Effect of Pandemic on Teen Substance Abuse

The pandemic has impacted almost everyone’s mental health in some way. American teens are no exception, and many in the public health sector worried how the loss of school, social activities, and milestone events might impact adolescent substance abuse.

Reasons substance abuse might decrease. With teens spending more time at home during the pandemic, they have less opportunity to obtain substances. They also have less access to peers who engage in unhealthy behaviors, which is one of the strongest risk factors for substance use. Remote learning has reduced stress for those with social anxiety and, in some cases, has also alleviated sleep deprivation caused by early school start times, both of which are risk factors for substance use.

Reasons substance abuse might increase. On the other hand, the pandemic has increased depression, anxiety, and boredom among youth, all of which can lead to substance abuse as a form of escape. Additionally, if the teen’s home situation is poor, or if the parents are drug abusers, a teen’s likelihood of substance abuse increases. Finally, some teens don’t care about the pandemic and are still hanging out with friends, but with so much shut down they have few options for positive entertainment.

NIH Study Results

The National Institutes of Health conducted a study of adolescent substance abuse during the pandemic. Here are their findings:

  • For most substances, the percentage of adolescent users decreased.
  • The frequency of both alcohol and marijuana use among young people increased.
  • For those youth who were using substances, the majority were engaging in solitary substance use (49.3%). Many teens were still using substances with peers, most via technology (31.6%) but some face to face (23.6%).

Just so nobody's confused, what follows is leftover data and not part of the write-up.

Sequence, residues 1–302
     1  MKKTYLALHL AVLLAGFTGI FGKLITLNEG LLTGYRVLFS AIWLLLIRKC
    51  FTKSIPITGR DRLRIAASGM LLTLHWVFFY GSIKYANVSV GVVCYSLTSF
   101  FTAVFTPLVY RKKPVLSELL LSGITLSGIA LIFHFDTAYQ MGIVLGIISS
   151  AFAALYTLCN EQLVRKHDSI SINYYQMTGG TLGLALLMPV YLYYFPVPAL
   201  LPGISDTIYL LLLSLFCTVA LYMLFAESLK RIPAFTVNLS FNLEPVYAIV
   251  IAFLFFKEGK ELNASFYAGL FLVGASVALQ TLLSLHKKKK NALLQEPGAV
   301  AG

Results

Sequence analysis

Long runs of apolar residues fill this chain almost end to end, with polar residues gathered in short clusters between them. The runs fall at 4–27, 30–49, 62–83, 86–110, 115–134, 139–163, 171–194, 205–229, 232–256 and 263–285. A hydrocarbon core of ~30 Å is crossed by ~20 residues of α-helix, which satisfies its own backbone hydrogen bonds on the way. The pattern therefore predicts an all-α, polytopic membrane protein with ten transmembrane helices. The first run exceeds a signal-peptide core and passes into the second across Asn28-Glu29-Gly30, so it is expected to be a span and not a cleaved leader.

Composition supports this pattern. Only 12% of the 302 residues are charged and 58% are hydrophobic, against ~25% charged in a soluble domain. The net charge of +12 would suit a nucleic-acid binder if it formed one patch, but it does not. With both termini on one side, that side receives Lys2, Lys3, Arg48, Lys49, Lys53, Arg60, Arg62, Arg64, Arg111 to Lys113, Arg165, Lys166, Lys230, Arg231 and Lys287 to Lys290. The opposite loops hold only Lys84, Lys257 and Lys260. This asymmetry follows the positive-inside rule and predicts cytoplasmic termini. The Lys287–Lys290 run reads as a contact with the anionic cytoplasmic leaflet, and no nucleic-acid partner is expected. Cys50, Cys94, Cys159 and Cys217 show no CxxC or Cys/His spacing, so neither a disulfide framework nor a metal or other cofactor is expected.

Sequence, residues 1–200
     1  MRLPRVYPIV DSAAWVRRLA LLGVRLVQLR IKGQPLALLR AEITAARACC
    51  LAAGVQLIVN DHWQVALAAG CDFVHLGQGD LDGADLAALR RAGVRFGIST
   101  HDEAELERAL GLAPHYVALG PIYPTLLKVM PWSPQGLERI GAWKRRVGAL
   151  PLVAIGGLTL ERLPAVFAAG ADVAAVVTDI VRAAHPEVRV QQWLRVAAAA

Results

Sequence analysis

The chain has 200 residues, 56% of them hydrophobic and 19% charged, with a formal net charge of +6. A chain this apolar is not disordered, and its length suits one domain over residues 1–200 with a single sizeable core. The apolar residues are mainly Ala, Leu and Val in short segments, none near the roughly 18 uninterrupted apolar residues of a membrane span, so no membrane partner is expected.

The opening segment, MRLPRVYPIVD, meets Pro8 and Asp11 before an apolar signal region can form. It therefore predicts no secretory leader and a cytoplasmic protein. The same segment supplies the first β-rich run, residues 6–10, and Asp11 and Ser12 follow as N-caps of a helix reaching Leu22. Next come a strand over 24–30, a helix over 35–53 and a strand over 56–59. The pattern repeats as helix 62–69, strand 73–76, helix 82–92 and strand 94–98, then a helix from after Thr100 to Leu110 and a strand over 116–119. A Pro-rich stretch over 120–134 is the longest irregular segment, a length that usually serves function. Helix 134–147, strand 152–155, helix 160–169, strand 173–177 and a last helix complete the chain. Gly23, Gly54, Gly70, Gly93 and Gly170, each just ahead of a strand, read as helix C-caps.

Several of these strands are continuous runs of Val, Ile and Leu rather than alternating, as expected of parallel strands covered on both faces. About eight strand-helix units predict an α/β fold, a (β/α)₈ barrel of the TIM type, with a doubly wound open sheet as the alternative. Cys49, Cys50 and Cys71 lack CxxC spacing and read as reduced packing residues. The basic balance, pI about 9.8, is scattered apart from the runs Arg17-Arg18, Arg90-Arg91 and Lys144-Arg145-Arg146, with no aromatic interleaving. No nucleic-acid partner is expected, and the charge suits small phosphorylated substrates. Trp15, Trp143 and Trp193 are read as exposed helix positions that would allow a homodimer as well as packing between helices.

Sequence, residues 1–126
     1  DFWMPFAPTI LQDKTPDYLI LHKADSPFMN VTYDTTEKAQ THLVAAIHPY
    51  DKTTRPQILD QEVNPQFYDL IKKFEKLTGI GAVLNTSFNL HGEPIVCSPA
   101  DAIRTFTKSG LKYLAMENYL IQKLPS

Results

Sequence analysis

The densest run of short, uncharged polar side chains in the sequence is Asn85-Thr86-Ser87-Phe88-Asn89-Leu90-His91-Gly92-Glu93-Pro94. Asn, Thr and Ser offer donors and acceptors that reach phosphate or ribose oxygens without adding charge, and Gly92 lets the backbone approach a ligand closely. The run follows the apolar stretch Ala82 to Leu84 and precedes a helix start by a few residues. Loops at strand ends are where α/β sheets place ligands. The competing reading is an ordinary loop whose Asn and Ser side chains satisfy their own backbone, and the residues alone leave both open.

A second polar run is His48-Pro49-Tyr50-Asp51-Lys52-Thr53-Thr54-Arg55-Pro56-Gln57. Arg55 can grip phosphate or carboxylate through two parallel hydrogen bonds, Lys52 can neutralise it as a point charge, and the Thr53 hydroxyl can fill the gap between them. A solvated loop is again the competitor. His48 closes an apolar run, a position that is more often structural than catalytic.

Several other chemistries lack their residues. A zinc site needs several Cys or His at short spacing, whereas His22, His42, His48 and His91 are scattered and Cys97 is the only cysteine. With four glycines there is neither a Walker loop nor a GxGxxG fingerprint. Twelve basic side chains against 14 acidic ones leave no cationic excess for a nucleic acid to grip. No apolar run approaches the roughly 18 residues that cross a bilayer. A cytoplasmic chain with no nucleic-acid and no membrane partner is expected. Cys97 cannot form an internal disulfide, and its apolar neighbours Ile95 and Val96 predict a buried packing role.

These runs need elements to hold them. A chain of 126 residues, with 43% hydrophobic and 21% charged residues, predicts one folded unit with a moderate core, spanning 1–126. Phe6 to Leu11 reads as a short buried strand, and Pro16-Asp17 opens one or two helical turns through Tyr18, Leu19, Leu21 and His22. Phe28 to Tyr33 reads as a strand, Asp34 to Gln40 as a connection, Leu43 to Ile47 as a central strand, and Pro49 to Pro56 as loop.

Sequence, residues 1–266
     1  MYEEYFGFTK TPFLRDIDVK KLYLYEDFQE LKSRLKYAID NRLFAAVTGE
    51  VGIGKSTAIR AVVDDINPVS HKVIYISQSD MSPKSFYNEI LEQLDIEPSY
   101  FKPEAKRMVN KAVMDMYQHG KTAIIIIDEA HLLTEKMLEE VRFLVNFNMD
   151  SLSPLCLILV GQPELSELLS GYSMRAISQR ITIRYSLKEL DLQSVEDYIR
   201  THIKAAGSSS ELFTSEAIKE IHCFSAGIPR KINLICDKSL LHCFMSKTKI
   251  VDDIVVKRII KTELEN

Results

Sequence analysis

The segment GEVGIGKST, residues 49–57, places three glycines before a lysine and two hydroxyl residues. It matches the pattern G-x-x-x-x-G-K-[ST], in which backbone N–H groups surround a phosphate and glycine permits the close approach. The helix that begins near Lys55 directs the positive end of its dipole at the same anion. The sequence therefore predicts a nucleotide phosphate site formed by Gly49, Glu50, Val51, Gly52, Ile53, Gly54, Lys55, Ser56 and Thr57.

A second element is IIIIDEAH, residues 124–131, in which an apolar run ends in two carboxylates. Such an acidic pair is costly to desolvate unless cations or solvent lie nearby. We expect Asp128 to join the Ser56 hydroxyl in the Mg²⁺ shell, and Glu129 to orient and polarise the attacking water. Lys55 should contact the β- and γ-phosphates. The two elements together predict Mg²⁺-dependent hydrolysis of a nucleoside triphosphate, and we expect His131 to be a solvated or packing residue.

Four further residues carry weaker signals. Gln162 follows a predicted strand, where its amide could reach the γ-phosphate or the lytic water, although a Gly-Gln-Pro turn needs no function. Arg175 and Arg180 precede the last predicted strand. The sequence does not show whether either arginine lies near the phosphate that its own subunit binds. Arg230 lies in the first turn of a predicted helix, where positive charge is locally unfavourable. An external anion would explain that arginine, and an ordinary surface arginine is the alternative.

• For teens who reported themselves as unpopular, concerns for how social distancing would affect their reputation among peers was a significant predictor of face-to-face substance use. Teens who considered themselves to have average or high popularity were much more likely to engage in solitary substance use.
  • Finally, youth who reported suffering from depression and/or a fear of COVID-19, were much more likely to engage in solitary substance use.

Warning Signs of Substance Abuse

If you are the parent or loved one of a teenager, there are a few warning signs that can let you know they may be using drugs. However, please recognize that many of these signs are common changes for any developing teen. Don’t just assume that if your teen wants to hang out with their buddies more, they are taking drugs. You want to look for drastic changes in multiple areas.

  • Unexplained health changes – if your teen experiences weight loss or gain, clumsiness, frequent nosebleeds, mouth sores, burn marks on their fingers, bloodshot eyes, a constant runny nose, frequent headaches, or lack of interest in good hygiene.
  • Drastic mood swings – if your teen is losing their ability to focus, seems more hostile or defensive, or loses inhibitions or motivation.
  • Change of interests – if your teen loses interest or begins expressing a negative attitude about things they previously enjoyed.
  • Changes at school – if your previously good student starts experiencing poor grades, skipping classes, and behavior problems.
  • Change of social circles – if your teen switches who they hang out with.
  • Change of habits – if your teen sleeps during the day and stays up at night, suddenly becomes very secretive, starts using breath mints all the time, burns incense or sprays aromatic aerosols frequently, or withdraws from the family.

Again, all of these signs individually are not a problem. All adolescents, as they go through puberty, will have mood swings, withdraw from their family and change their interests. These are only indicators if you are seeing drastic changes in multiple areas listed above.

If you suspect that your teenager might be abusing drugs, please seek help.

  • Call your pediatrician. They can help you determine if there is a problem and offer referrals and/or information on treatment options.
  • Visit Narcotics Anonymous or call them at 1-800-992-9951 to find a meeting in your area.
  • Call 1-800-662-HELP to reach a free 24-hour referral helpline from the Substance Abuse and Mental Health Services Administration.

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